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I'm troubleshooting a time-sensitive file upload app and suspect that the issue could be due to Apache's KeepAliveTimeout directive. Just called hosting support and asked them what the setting is at. They told me "it's not publicly-available information". I have shell access to the shared hosting server.

Searching for httpd.conf terminates without success.

Is there a way to find out what the value for the directive value is without having access to httpd.conf?

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Time-sensitive and shared hosting do not belong together. Get yourself a host where you have control. –  Ladadadada May 20 '13 at 8:54
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2 Answers

Try httpd -V. That wuill show you where Apache is looking for a config file(s). You are loking for something like:

-D SERVER_CONFIG_FILE="conf/httpd.conf"

There is an option to show settings but currently it's not very useful: -S Show the settings as parsed from the config file (currently only shows the virtualhost settings).

Ig you have access to vhost settings then you can set TimeOut yourself:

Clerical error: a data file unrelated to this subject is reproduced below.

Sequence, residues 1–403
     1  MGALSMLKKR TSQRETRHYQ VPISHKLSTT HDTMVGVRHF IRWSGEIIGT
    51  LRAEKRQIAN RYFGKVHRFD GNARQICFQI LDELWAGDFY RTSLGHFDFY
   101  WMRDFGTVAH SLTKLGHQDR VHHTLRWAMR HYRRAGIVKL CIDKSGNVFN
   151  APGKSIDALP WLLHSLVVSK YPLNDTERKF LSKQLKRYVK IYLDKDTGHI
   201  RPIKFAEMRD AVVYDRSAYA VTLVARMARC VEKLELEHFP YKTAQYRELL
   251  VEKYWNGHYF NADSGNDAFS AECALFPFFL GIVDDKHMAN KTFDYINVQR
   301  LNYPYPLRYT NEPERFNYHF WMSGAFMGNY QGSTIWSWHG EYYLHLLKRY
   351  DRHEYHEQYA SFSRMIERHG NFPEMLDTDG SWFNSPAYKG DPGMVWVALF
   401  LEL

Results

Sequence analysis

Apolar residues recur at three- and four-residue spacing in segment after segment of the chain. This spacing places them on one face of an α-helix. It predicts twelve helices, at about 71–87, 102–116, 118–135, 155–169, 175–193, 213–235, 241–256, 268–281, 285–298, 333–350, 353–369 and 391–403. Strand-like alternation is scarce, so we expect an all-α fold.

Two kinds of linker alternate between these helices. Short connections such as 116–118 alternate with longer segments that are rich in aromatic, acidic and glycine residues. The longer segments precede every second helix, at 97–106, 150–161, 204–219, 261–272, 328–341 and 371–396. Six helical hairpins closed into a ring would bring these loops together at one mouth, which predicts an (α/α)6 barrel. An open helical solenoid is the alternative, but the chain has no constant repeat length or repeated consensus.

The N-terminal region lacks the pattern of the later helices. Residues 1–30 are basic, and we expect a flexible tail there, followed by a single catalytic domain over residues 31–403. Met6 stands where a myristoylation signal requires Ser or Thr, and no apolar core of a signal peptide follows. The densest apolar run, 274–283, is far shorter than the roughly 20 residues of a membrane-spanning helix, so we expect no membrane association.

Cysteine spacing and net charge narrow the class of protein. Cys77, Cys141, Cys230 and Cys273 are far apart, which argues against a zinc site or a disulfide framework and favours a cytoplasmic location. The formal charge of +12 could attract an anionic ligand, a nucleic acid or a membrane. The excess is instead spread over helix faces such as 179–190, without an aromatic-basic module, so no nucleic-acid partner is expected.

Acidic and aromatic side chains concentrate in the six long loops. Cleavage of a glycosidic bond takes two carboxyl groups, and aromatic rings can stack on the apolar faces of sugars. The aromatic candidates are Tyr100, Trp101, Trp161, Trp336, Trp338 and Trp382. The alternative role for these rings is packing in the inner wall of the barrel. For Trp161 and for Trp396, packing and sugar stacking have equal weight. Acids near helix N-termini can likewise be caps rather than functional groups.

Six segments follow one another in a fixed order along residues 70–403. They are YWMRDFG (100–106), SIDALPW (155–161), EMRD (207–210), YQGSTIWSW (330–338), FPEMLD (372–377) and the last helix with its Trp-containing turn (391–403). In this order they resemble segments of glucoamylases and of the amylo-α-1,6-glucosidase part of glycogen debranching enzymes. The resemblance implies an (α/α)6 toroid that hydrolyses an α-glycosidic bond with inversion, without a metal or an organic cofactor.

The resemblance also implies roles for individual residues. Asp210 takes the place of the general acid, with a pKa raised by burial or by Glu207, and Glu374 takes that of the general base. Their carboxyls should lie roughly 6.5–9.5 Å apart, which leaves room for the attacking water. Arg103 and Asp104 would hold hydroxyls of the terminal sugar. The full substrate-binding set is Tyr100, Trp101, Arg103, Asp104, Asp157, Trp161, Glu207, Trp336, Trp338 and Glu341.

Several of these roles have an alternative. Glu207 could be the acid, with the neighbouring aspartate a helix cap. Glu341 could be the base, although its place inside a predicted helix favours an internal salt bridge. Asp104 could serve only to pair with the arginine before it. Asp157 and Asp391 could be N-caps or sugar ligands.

http://httpd.apache.org/docs/2.2/mod/core.html#timeout

Hope that helps.

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httpd: command not found. Could they have disabled it? –  dalbaeb May 20 '13 at 15:04
    
netstat -antpl |grep 80 - there are milions of servers, doesn't have to be apache. What linux is this on? cat /etc/issue –  Chris May 20 '13 at 16:51
    
Hi, please remove IPs - no need for them. Forgot that you are on the shared hosting! Anyway, as @john-kloian has mentioned 5 min would be the default timeout. You can try and see if banner is not disabled (by telnet 0 80 and then get / HTTP/1.0 (as John suggested) but doubt it will work. –  Chris May 20 '13 at 21:10
    
Also, is this a PHP app? –  Chris May 20 '13 at 21:11
    
It is. Uploading files via AJAX and pushing them to DropBox, which takes a while and that's where the issue lies. Server returns a 504 before it's done. –  dalbaeb May 20 '13 at 21:14
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Apache and NGinx both use 5 minutes as their default keepalive timeout.

Most likely you do not have access to that information - it would be contained in server's config file - normally not accessible by customers if the hosting company is even remotely on the ball. You may be able to find out which server with simple network tools like nmap.

You could use telnet maybe:

telnet host 80

once in telnet try:

get / HTTP/1.0

In the response look for the line beginning

Server:

You could list the server's process with 'ps ax' - you may or may not get back a complete list. Apache shows up as apache2 these days or maybe httpd depending on the flavor of OS.

Using curl you may be able to craft a command-line that will exercise the keepalive timeout and prove it one way or another. I'm at a loss at the moment of what that would look like unfortunately.

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